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The Conditionby Jennifer Haigh
The world falls apart for the privileged McKotch family when its youngest member, Gwen, is diagnosed with Turner's Syndrome. As fascinating as the diagnosis aspect of this novel is, the heart of the story is really in watching Gwen grapple with her disease as an adult. Gwen is much more than a woman with Turner's; she is a fully rounded character with her own desires and a will strong enough to withstand the many intrusions of her family. I loved this absolutely perfect novel more than I ever expected to. Jennifer Haigh will amaze.
Synopses & Reviews
The Condition tells the story of the McKotches, a proper New England family that comes apart during one fateful summer. The year is 1976, and the family — Frank McKotch, an eminent scientist; his pedigreed wife, Paulette; and their three beautiful children — has embarked on its annual vacation at the Captain's House, the grand old family retreat on Cape Cod. One day on the beach, Frank is struck by an image he cannot forget: his 13-year-old daughter, Gwen, strangely infantile in her child-sized bikini, standing a full head shorter than her younger cousin Charlotte. At that moment he knows a truth that he can never again unknow — something is terribly wrong with his only daughter. The McKotch family will never be the same.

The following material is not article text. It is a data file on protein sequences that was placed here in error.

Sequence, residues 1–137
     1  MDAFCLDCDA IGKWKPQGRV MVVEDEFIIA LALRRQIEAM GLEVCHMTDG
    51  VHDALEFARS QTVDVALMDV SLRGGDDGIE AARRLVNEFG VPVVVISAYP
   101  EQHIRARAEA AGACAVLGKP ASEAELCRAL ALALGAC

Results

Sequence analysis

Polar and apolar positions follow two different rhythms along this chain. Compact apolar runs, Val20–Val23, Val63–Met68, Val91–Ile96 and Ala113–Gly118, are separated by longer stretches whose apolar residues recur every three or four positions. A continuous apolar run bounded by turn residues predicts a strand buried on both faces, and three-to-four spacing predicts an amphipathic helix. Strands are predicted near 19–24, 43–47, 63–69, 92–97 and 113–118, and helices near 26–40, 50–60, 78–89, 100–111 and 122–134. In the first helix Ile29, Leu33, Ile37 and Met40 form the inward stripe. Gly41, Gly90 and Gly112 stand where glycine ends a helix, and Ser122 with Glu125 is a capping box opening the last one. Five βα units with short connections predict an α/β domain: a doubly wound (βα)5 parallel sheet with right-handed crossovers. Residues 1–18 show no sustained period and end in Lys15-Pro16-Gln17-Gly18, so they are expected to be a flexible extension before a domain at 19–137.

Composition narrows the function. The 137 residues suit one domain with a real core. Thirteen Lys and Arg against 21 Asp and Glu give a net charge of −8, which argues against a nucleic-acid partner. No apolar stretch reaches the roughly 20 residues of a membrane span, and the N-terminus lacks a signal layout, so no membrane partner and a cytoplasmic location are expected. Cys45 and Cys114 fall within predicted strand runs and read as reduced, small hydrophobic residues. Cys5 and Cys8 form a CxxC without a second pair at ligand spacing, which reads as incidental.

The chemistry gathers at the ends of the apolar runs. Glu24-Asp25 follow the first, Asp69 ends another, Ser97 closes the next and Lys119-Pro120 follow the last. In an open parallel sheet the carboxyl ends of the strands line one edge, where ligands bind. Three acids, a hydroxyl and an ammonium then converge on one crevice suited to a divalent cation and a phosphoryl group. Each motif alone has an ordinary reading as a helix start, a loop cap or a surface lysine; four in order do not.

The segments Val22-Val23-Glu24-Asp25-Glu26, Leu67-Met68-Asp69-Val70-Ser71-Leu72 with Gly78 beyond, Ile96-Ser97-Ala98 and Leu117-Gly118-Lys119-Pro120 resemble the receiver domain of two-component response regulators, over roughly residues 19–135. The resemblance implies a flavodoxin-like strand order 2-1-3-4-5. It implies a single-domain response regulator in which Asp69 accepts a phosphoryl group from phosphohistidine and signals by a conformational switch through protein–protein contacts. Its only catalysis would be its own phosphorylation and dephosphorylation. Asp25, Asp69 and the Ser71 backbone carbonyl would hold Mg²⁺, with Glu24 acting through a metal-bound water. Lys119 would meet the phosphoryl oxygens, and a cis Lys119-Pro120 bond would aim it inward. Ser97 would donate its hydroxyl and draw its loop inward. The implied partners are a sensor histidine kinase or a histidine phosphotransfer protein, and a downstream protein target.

Twenty years after Gwen's diagnosis with Turner's syndrome — a genetic condition that has prevented her from maturing, trapping her forever in the body of a child — all five family members are still dealing with the fallout. Each believes himself crippled by some secret pathology; each feels responsible for the family's demise. Frank and Paulette are acrimoniously divorced. Billy, the eldest son, is dutiful but distant — a handsome Manhattan cardiologist with a life built on compromise. His brother, Scott, awakens from a pot-addled adolescence to a soul-killing job, a regrettable marriage, and a vinyl-sided tract house in the suburbs. And Gwen is silent and emotionally aloof, a bright, accomplished woman who spurns any interaction with those around her. She makes peace with the hermetic life she's constructed — until, well into her 30s, she falls in love for the first time. And suddenly, once again, the family's world is tilted on its axis.
Compassionate yet unflinchingly honest, witty and almost painfully astute, The Condition explores the power of family mythologies — the self-delusions, denials, and inescapable truths that forever bind fathers and mothers and siblings.